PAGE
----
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The Panacea Society was a unique religious group that existed in Bedford, England. The Society was founded by Mabel Barltrop in 1919 at 12 Albany Road, Bedford. Its inspiration was the teachings of the Devonshire prophetess Joanna Southcott (1750 - 1814). Barltrop took the name Octavia and believed herself to be the Shiloh of her prophecies. With 12 apostles the Society (then called the Community of the Holy Ghost) began.
The Society had its headquarters in Albany Road, close to the remains of Bedford Castle. Another property, an end-of-terrace house in Albany Road (named "The Ark"), was maintained as a residence for The Messiah following upon the second coming.
A central purpose of the Society was to persuade 24 Anglican bishops to open Southcott's Box of Sealed Writings and to this end advertisements were placed in national newspapers. The Society claimed that the box is secreted in England, but others have claimed it was opened in 1927 and found to contain a broken horse pistol and a lottery ticket.
In the 1930s about 70 members were said to be living in the Bedford community. In 1967 the Bedfordshire Times reported about 30 members living there. The last member of the society, Ruth Klein, died in 2012 at which point the Society ceased to exist as a religious community.
Although small in size, the Society was relatively wealthy owning several properties in the Castle Road area of Bedford and by 2001 was reported to own £14m of assets when it started to sell off some of its property to retain the Society's status as a charity.
Whilst the religious society is no longer functioning, there still exists a charity whose main remit is to sponsor academic research into the history and development of prophetic and millenarian movements, as well as provide financial assistance to support the work of registered charities and recognised groups concerned with poverty and health in the Bedford area. The charity officially changed its name to The Panacea Charitable Trust in 2012.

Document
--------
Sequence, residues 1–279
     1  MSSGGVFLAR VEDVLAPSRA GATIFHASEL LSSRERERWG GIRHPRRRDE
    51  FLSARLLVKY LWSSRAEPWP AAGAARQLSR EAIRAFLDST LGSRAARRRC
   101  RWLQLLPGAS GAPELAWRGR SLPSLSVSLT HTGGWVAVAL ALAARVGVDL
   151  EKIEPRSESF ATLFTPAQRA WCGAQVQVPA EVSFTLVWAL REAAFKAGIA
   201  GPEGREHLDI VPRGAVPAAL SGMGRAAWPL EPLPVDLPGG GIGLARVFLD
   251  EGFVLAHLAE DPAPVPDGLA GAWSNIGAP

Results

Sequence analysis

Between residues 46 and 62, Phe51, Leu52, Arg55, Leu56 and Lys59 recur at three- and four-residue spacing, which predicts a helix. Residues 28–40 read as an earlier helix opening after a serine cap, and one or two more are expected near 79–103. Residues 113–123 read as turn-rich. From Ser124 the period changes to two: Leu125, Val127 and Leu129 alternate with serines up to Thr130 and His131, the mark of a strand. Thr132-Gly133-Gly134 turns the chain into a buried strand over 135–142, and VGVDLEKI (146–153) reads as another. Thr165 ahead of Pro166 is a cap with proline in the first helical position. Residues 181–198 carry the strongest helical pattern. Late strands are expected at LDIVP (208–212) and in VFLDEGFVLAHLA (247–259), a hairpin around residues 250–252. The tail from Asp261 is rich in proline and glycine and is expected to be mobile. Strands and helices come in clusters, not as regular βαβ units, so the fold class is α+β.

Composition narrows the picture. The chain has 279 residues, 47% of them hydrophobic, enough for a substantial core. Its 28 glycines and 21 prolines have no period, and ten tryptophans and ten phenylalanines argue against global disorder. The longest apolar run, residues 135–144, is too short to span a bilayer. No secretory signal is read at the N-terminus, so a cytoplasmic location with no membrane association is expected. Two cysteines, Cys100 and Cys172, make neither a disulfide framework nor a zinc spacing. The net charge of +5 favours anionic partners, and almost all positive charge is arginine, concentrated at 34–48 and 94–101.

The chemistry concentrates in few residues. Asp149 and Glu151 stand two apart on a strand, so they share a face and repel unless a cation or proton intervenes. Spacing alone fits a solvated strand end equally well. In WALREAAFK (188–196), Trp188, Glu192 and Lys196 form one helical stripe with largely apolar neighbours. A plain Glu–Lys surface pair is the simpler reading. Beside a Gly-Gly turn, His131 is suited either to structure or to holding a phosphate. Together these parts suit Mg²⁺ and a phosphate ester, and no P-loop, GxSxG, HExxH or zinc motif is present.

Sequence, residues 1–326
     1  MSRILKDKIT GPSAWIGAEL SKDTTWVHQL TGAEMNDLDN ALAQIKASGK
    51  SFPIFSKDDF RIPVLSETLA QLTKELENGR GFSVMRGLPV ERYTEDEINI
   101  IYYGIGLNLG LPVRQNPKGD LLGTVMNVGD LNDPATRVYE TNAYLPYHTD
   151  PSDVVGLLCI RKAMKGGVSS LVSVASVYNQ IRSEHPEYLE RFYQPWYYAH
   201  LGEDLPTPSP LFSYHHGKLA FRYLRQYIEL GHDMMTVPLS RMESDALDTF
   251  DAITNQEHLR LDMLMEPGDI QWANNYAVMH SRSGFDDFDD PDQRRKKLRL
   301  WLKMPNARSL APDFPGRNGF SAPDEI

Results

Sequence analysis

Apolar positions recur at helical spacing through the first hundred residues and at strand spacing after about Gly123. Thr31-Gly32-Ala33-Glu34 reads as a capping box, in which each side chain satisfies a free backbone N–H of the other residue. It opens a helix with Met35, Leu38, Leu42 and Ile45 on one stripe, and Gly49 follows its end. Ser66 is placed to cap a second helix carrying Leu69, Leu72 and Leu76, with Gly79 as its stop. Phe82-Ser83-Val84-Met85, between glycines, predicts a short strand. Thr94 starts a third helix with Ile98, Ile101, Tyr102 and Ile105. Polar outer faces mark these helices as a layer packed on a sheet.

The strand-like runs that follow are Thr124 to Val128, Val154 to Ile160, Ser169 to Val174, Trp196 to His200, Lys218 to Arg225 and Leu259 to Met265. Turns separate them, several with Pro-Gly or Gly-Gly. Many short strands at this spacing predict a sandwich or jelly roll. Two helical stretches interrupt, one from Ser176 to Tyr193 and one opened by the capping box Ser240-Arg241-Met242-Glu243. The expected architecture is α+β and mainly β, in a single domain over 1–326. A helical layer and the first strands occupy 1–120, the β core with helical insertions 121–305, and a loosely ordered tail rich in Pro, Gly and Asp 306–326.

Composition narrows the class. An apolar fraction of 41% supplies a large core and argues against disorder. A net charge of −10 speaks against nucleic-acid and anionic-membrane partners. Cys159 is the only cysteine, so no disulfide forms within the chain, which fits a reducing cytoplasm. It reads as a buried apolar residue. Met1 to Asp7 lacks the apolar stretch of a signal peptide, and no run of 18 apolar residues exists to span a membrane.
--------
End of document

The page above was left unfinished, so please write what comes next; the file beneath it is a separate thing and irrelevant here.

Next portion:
In late 2012, it was announced that the charitable trust would be opening a museum detailing the history of the society at 9 Newnham Road, Bedford. The Panacea Museum complex includes the main museum with displays about Joanna Southcott, her prophecies, the founding of the Society, and several 1930s period rooms, the 1930s-period home of founder Mabel Barltrop and her family, the chapel where the Society worshiped and gardens.
- Bedfordshire Times report, October 1967
- Bedforshire on Sunday: Religious society's last member has died at 80
- Bedfordshire on Sunday: Prepared for Jesus to make his return in a Bedford house
- The Guardian: Mystic society charitably sells off the followers' silver
- Panacea Society Homepage
- "The Panacea Charitable Trust". The Panacea Charitable Trust. Retrieved 4 September 2013.
- Bedford Times and Citizen: A house of God in the heart of town